Kevin Henkes still owns some of his favorite books from childhood. "They're brimming with all the telltale signs of true love: dog-eared pages, fingerprints on my favorite illustrations, my name and address inscribed on both front and back covers in inch-high lettering, and the faint smell of stale peanut butter on the bindings," he says in an interview on his web site.

Back in his peanut-butter sandwich days, Henkes dreamed of becoming an artist. By high school, he had combined his love of drawing with a newfound interest in writing, and at age 19, he took his portfolio to New York City in hopes of finding a publisher. Young Henkes returned home from his weeklong trip with a contract from Greenwillow Books, and he's worked as a children's writer and illustrator ever since.

Henkes's style has evolved over the years to include more humor, more whimsy and a lot more mice. Though he began illustrating his picture books with realistic drawings of children, he's since developed a recurring cast of mouse characters rendered in a more cartoon-like style -- though with a range of expressions that make the spirited Lilly, anxious Wemberly, fearless Sheila Rae and sensitive Chrysanthemum into highly believable heroines. Owen, the story of a little mouse who isn't ready to give up his tattered security blanket, won a Caldecott Honor Medal for its winsome watercolor-and-ink illustrations.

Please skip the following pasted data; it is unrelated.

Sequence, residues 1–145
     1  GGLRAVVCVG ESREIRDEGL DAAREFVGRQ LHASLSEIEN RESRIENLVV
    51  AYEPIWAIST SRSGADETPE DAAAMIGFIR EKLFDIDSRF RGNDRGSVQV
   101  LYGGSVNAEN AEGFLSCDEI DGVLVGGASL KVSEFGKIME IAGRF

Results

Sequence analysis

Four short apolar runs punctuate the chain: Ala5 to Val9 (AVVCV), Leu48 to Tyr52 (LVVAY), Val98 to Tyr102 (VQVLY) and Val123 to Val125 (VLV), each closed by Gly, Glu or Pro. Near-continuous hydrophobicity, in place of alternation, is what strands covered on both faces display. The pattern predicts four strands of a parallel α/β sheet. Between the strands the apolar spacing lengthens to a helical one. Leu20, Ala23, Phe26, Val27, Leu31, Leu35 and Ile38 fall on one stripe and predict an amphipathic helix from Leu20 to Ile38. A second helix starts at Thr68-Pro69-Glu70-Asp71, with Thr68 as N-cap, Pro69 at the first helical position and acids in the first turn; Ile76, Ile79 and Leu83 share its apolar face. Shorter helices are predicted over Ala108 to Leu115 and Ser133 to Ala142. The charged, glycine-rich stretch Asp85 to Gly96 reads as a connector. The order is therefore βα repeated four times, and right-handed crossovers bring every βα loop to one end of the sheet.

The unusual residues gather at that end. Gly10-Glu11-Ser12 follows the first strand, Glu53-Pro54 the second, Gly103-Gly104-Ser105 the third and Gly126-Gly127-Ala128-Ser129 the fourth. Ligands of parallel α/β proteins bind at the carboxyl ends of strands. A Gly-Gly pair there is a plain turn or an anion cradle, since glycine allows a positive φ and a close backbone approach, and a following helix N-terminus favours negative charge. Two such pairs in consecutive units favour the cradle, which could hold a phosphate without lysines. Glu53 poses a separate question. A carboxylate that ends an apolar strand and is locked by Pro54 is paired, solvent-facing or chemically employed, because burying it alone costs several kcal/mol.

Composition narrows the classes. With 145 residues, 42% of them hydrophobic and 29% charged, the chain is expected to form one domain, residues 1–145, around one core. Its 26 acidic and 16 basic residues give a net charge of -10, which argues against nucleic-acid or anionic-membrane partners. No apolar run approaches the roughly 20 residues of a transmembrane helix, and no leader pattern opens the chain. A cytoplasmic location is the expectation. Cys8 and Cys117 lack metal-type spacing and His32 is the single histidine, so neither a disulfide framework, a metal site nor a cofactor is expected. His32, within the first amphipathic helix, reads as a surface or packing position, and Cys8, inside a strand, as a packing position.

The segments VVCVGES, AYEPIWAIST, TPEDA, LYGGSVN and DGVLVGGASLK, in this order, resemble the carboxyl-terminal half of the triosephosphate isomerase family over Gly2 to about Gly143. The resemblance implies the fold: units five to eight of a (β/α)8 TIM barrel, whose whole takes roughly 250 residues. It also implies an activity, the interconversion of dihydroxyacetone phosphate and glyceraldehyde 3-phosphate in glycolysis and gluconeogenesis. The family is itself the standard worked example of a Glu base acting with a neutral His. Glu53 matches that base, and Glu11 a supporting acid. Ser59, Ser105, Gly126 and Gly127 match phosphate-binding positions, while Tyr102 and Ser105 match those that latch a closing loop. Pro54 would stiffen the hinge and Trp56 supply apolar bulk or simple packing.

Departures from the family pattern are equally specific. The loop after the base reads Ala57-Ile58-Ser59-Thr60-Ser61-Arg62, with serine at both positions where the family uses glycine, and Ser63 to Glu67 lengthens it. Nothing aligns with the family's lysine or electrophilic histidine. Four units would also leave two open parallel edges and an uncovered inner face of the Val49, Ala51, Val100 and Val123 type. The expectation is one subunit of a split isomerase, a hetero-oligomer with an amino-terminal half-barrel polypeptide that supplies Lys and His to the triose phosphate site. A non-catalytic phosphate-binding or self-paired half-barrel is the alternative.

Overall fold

Many of Henkes's mouse books deal with such common childhood ordeals as starting school, being teased and getting lost. Chrysanthemum, about a mouse whose new schoolmates tease her about her name, was inspired by Henkes's own feelings when he started school. "The book is about family, and how starting something new and going out into the world can be very hard," he told an interviewer for The Five Owls. "I remember going to kindergarten -- my grandfather had a beautiful rose garden, and he gave me the last roses of the season to bring to the kindergarten teacher the next day. I don't even remember how it happened, but an older kid took these flowers from me on the playground, and I remember coming home, feeling awful." As a grown-up, Henkes is able to translate difficult childhood transitions into stories that are both honest and reassuring. In a review of Chrysanthemum, Kirkus Reviews noted: "Henkes's language and humor are impeccably fresh, his cozy illustrations sensitive and funny, his little asides to adults an unobtrusive delight."